Human nature doesn't change. We all have our own natural biases which we use to make difficult, if not impossible decisions. We've spent several decades helping investors and advisors understand ways to overcome these biases to avoid doing damage to their long-term financial success.
The best way to overcome our biases is to use DATA and look back at history. Over the long-run, the stock market will reflect the underlying output of the economy. In fact, the long-term equation for stock market growth is:
GDP + Inflation + Dividend Yield = Market Return
Using long-term data the equation would look like this:
3.1% (GDP) + 3.3% (Inflation) + 3.6% Dividends = 10% Market Return
Regardless of the look-back period, the return of stocks has been around 10%. That's going back to 2000, 1990, 1980, 1970.....all the way back to 1926.
However, whenever the stock market generates returns well above the long-term average we end up going through a sharp market correction where the returns are well below average. Using the market growth equation with today's inputs we should expect below average returns:
2% (GDP) + 2% (Inflation) + 1.5% Dividends = 5.5% Market Return
In other words, using the fundamental equation for stock market returns which has worked for nearly 100 years (which included at least 5 "new eras") we should expect returns to be 45% below average.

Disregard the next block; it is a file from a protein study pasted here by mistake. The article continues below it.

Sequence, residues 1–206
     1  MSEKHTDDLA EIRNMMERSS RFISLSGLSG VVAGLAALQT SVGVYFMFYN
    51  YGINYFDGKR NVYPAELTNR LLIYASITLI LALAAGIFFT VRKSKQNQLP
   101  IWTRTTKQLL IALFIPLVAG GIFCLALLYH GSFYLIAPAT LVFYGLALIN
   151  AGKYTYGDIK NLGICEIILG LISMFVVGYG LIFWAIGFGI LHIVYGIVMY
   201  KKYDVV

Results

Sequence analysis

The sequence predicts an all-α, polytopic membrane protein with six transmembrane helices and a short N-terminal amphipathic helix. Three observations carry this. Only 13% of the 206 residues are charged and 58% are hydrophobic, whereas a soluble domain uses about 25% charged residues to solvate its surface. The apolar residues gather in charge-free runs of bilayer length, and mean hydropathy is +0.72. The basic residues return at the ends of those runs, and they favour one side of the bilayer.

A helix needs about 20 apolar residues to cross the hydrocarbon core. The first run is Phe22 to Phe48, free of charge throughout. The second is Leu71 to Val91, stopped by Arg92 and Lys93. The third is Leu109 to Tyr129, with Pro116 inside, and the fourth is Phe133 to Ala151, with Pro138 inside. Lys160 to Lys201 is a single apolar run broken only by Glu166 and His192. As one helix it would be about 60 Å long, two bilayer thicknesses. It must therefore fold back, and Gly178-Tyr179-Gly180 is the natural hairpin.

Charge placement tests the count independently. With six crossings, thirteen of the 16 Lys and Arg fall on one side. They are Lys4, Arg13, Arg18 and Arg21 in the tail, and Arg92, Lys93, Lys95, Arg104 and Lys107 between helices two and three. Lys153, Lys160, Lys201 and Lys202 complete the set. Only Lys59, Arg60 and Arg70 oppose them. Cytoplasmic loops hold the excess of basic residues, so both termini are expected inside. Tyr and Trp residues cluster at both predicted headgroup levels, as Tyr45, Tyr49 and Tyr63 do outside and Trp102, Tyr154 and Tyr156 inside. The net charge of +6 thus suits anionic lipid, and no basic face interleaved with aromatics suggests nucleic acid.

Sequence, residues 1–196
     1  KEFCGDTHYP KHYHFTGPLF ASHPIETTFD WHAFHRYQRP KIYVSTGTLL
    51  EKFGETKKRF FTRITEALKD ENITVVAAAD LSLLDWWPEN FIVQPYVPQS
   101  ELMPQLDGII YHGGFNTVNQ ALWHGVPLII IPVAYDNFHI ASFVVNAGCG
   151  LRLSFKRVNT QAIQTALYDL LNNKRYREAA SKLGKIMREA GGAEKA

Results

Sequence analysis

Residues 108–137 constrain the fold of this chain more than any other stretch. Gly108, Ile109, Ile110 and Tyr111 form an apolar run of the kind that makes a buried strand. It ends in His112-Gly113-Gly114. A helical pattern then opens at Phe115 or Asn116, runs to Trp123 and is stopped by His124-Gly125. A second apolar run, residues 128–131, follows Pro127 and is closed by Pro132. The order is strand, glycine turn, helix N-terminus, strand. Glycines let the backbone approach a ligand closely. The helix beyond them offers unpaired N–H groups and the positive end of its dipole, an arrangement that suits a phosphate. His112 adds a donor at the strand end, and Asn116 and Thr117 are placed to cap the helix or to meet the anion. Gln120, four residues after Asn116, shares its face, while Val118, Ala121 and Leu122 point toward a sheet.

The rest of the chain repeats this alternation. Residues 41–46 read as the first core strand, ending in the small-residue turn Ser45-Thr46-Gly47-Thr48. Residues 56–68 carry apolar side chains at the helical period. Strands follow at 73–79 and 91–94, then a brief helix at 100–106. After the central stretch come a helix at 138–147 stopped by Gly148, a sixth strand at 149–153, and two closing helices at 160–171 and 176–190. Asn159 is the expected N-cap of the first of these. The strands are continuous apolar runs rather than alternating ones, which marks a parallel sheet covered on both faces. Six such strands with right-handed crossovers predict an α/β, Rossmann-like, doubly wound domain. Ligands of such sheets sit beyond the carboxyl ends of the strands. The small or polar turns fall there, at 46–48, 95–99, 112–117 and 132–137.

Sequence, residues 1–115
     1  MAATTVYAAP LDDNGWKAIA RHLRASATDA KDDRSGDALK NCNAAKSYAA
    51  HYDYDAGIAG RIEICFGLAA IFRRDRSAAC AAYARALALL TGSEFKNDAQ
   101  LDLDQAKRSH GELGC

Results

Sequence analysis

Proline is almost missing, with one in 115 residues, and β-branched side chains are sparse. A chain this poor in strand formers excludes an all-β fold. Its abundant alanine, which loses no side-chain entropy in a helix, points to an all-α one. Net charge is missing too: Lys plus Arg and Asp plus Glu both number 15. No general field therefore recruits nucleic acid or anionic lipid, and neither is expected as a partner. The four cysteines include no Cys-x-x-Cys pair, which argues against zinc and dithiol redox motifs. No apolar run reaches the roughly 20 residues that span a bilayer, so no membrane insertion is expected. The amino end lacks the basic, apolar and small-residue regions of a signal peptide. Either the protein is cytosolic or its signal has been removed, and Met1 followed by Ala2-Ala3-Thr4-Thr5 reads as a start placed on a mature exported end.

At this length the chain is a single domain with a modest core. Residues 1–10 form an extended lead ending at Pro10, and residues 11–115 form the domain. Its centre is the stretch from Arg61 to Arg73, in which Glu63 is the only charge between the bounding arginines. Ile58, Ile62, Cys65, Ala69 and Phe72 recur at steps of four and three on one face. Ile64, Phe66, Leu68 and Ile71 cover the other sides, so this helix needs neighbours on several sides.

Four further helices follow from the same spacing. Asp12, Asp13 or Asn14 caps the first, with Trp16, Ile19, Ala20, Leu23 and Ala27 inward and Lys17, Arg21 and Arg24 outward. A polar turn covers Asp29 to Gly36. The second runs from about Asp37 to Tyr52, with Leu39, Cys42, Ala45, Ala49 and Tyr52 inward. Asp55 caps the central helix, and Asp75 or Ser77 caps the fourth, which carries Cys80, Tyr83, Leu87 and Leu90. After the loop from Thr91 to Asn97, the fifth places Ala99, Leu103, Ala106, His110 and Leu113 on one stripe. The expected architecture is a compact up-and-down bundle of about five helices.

Another thing which has worked if applied correctly is the old axiom:
Buy Low / Sell High
The trick, of course is how you define "low" and "high". There are various metrics out there, the most common is the Price to Earnings (P/E) ratio. We use that one a lot because it is the most popular. However, because earnings tend to fluctuate a lot and they tend to not track economic performance perfectly, using the P/E ratio to predict future returns is not too useful.
Here is a plot of the starting P/E ratio (horizontal axis) and the subsequent 10-year returns (y-axis) going back to 1950. The equation at the bottom includes the R-squared number, which is essentially how well the line fits the data. The more the dots are clustered around the line the better the "fit". In this case it doesn't fit very well.
Even with this bad fit, the current P/E says we should expect below average returns.
As a former accountant and "fundamental" investment manager (one who uses company financial statements to evaluate investments), I've never liked earnings as a metric anyway. They can easily be manipulated and can change quickly. I always found a better way to look at a company is the cash flow it is generating.
Currently, the Price/Cash Flow ratio of the S&P 500 has only been higher once – at the beginning of 2022.
Price/Cash Flow also tends to be a much better predictor of long-term returns than the P/E ratio.
The Price/Cash Flow ratio says returns for the next 10-years should be NEGATIVE.
Nobel Prize winning economist Robert Shiller (one of the founders of behavioral finance) found a better way to value stocks by smoothing out the earnings. Essentially he takes the average earnings over the last 10 years to use as the denominator in what is now known as the Shiller P/E (or P/E10). We can see it is indeed a much better predictor of long-term returns:
The Shiller P/E says we should expect below average returns over the next 10 years.
Another thing I found as an accountant and fundamental investment manager is Revenue (Sales) is often a better metric to compare companies. Many companies do not have earnings and thus cannot have a P/E (or force you to make some wild prediction about future earnings). Others use accounting tricks to goose their earnings. It's much harder to manipulate revenue over the long-term.